The Hanging Gardens of Babylon

All 7 of the commonly known ancient wonders have origin stories, except for the Hanging Gardens of Babylon. Experts aren’t exactly sure what it was, how it worked, who created it, or even where it was. The name of the wonder suggests it was in Babylon, but it could also have been in Nineveh. Some sources claim it was Nebuchadrezzar II who built it, but others claim it was Sennacherib. The garden may have existed on tiered steps, but there is no evidence that historians have agreed proves anything about the wonder.

Hanging gardens were one of three types of gardens in the ancient world, along with game reserve gardens and gardens for people to enjoy. It could have been possible that hanging gardens got their strange names from a mistranslation of the Greek word for overhanging, kremastos. And like the Hanging Gardens at most likely Babylon or Nineveh, not much is known about them. But the Hanging Gardens at Babylon or Nineveh, based on sources mentioned by my book, was structured similarly to ziggurats, a Mesopotamian stepped pyramid. It is assumed that water started at the top and made its way down the tiers, so water would’ve had ┬áto be pumped to the top. Ancient sources claim an Archimedean screw was used to pump the water from a local river to the top, but there is still no official evidence.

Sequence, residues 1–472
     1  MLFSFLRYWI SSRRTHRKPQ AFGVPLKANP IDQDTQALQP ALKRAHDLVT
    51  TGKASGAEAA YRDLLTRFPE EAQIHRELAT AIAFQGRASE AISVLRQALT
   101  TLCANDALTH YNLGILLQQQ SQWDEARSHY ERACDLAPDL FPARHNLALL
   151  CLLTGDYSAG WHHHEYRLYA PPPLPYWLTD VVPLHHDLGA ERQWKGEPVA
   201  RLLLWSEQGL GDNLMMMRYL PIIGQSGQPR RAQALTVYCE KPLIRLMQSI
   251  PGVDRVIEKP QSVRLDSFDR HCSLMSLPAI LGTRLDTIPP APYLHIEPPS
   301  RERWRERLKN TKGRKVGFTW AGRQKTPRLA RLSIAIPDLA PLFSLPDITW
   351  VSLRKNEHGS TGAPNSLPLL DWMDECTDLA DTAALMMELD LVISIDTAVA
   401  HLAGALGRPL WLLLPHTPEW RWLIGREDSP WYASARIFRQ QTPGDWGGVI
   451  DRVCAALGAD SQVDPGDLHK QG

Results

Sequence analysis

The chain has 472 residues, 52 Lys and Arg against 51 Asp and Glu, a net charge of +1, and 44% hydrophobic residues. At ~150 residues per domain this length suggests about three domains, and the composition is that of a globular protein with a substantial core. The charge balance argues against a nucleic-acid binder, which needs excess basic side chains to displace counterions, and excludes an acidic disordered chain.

As for who made it, the two main suspects are Nebuchadrezzar II of the Babylonians or Sennacherib of the Assyrians. A possible story was that Nebuchadrezzar’s wife was sick of not being in the mountains where she grew up, so Nebuchadrezzar ordered the construction of their own mountain. However, there is no evidence in Babylon that suggests of great gardens existing there, while there are recovered tablets suggesting of great gardens in Nineveh. Some experts say that ancient writers confused the two Mesopotamian cities and led to this name. However, there is still no evidence that proves anything.

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